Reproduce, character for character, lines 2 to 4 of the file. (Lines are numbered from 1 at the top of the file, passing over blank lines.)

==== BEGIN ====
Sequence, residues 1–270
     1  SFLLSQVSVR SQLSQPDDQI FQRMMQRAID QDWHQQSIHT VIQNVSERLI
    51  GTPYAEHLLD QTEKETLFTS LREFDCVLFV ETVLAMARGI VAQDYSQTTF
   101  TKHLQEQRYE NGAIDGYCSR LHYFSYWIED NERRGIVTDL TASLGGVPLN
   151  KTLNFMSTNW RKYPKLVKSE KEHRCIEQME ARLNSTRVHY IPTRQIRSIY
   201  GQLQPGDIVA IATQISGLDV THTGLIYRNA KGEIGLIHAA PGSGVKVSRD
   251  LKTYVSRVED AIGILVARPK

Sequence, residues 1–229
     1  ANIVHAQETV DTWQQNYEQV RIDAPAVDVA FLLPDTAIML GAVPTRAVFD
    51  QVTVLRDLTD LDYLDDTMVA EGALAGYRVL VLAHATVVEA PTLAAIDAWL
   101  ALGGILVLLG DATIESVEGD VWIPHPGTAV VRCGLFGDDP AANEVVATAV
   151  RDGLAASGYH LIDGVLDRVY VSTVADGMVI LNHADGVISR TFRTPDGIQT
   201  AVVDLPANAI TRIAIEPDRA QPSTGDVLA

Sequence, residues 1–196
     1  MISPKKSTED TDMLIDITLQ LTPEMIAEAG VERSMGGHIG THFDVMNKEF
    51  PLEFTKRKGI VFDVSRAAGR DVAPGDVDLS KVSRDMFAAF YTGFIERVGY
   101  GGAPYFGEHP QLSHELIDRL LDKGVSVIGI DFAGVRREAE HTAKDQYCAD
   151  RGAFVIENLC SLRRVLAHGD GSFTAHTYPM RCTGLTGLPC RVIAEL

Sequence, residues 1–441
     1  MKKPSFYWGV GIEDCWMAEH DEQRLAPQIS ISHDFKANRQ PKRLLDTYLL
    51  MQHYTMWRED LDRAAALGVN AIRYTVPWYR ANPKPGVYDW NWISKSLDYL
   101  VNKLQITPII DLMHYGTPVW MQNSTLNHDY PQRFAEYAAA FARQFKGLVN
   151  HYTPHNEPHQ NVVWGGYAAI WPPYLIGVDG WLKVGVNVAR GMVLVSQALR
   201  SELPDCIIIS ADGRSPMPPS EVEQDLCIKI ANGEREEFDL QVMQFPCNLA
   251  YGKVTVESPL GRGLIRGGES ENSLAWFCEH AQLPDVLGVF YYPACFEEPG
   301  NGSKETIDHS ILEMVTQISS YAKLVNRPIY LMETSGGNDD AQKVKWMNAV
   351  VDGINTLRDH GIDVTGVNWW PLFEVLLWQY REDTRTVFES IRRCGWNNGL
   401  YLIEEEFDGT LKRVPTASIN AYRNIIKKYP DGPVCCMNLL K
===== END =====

     1  SFLLSQVSVR SQLSQPDDQI FQRMMQRAID QDWHQQSIHT VIQNVSERLI
    51  GTPYAEHLLD QTEKETLFTS LREFDCVLFV ETVLAMARGI VAQDYSQTTF
   101  TKHLQEQRYE NGAIDGYCSR LHYFSYWIED NERRGIVTDL TASLGGVPLN